Having lived a life in selfishness, a young prince is cursed by a mysterious enchantress to having the appearance of a monstrous beast. His only hope is to learn to love a young woman and earn her love in return in order to redeem himself. Years later, his chance shows itself when a young maiden named Belle offers to take her ill father's place as his prisoner. With help from the castle's enchanted staff, Belle learns to appreciate her captor and immediately falls in love with him. Back in the village however, an unscrupulous hunter has his own plans for Belle. Written by
Computer technology was considered for the rooftop fight and the forest chase, but the primitive state of the technology only allowed time to use it for the ballroom scene. Even for that scene, they had a fallback strategy: what they called the "Ice Capades" version, with just a spotlight on the two characters against a black background. See more »
The band plays the "Bridal Chorus" (better known as "Here Comes the Bride" to most people) composed by Richard Wagner. Wagner composed it sometime in the mid 19th century. The movie takes place sometime around the mid 18th century. The "Bridal Chorus" was not played in places other than Germany until the late 19th century or early 20th century. See more »
Once upon a time, in a faraway land, a young prince lived in a shining castle. Although he had everything his heart desired, the prince was spoiled, selfish, and unkind. But then, one winter's night, an old beggar woman came to the castle and offered him a single rose in return for shelter from the bitter cold. Repulsed by her haggard appearance, the prince sneered at the gift and turned the old woman away. But she warned him not to be deceived by appearances, for beauty is found ...
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"To our friend, Howard, who gave a mermaid her voice and a beast his soul, we will be forever grateful. Howard Ashman (1950-1991)" See more »
Perfect mix of music and animation...a solid achievement...
I've not seen the newly added song sequence (Human Again) featured in the latest IMAX version so my comments are based entirely on the original theatrical and VHS release.
BEAUTY AND THE BEAST is Disney at its peak. From the stained glass window at the opening and the beautiful narration, the viewer is drawn into the story by the appealing music and clever lyrics ("Belle's Song") which gets the picture off to a bouncy start. The opening sequence showing Belle and the townspeople in song is masterfully handled and choreographed for maximum effect, setting the tone for the entire story.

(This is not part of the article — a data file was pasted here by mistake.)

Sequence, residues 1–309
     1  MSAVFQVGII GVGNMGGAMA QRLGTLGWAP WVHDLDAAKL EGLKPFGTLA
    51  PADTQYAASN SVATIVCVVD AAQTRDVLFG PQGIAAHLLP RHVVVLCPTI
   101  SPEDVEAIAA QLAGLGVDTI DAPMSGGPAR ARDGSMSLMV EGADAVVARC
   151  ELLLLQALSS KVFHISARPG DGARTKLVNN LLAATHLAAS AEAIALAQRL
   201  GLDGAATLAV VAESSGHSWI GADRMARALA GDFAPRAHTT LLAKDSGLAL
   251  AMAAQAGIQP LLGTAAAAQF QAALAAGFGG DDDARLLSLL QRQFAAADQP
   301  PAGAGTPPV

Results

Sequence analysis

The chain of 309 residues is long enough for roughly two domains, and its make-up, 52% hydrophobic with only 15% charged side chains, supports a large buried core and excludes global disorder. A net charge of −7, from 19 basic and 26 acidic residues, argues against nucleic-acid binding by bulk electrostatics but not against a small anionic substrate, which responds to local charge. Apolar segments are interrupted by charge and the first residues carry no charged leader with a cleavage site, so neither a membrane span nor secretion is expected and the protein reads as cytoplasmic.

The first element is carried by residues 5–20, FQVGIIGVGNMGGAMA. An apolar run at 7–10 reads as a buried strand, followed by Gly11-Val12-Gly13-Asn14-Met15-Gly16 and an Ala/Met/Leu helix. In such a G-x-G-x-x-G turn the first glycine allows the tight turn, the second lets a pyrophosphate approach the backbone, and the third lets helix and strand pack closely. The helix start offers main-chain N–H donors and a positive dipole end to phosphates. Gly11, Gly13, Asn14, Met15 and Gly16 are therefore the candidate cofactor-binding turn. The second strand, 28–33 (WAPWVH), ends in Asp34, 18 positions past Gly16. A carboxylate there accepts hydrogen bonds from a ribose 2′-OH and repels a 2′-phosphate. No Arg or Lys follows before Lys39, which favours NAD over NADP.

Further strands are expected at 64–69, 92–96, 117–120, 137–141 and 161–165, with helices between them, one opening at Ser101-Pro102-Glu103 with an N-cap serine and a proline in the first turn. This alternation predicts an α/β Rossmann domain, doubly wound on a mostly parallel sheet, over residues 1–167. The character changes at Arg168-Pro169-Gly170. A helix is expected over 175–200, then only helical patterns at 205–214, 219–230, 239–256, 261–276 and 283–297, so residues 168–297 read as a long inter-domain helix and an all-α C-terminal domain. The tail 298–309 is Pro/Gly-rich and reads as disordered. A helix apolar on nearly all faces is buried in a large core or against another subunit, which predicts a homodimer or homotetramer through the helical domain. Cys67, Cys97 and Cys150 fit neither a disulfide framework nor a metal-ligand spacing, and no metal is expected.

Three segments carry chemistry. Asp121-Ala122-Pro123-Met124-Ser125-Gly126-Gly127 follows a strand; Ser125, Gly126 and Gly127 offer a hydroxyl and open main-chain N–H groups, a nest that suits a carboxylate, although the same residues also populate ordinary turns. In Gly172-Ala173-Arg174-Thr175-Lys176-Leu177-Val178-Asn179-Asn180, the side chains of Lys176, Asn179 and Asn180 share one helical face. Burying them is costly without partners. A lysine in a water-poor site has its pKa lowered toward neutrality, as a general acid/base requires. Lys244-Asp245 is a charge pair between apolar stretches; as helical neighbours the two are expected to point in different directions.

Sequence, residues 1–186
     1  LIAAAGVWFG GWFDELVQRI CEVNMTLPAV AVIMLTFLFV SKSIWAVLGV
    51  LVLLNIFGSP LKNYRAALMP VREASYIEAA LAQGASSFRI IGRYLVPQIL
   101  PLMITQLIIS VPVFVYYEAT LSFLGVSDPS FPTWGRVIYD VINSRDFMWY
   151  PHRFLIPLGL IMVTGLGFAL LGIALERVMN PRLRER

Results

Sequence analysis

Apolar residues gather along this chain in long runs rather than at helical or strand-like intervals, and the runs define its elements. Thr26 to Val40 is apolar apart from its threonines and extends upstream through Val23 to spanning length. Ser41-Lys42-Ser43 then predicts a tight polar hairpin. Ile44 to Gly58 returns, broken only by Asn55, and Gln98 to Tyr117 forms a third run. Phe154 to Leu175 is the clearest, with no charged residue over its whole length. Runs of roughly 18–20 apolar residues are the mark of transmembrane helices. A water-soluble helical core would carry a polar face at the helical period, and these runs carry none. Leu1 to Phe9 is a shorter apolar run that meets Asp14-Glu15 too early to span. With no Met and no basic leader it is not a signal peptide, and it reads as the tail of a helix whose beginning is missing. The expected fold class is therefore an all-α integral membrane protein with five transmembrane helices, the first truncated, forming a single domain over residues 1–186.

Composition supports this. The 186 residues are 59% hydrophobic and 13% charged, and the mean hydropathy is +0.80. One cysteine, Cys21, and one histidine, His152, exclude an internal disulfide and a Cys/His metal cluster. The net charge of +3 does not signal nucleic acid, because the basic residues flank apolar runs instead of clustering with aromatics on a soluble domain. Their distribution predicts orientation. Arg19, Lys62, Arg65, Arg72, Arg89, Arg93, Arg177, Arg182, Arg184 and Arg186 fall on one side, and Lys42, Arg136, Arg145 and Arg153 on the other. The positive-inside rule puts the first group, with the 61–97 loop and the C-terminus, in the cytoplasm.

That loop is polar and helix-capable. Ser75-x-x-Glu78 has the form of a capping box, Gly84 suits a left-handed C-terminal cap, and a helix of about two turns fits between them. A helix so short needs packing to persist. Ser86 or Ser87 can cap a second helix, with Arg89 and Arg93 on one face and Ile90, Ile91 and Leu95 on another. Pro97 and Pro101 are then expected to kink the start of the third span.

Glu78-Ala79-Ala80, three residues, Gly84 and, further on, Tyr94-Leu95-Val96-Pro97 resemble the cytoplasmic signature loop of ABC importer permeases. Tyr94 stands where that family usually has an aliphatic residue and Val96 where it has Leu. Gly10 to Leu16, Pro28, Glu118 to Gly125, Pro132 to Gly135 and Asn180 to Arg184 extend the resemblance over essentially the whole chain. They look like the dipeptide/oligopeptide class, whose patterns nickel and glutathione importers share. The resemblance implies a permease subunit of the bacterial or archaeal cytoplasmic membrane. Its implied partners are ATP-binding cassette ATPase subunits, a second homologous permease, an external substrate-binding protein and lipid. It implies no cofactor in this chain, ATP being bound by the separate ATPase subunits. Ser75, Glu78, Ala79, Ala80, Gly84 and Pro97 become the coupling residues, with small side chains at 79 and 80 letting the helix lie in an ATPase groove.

The plot becomes thicker once Belle's father enters the castle grounds where the Beast resides. The castle interiors are brilliantly Baroque and the odd characters inhabiting the grounds are delightfully rendered by a perfect blending of art and voice talent. Cogsworth, Lumiere and Mrs. Potts are delightful creations, each with strong, consistent personalities. David Ogden Stiers, Jerry Orbach and Angela Lansbury cannot be praised enough for their contributions.
Two of the musical highlights are Orbach's dazzling job on "Be My Guest" (with French accent) and Angela's tender rendering of the title song, "Beauty and the Beast". Unforgettable movie moments. As Gaston, Richard White's robust baritone voice adds greatly to the effectiveness of his villainy.
It's no wonder the film was the first to receive recognition by the Academy with a Best Picture nomination. Outstanding in every department, including the end title song sung by Celine Dion and Peabo Bryson in a more "modern" style.
Along with SNOW WHITE and SLEEPING BEAUTY, a top-notch fairy tale with its appeal evenly divided between adults and children--as well as the child in all of us.
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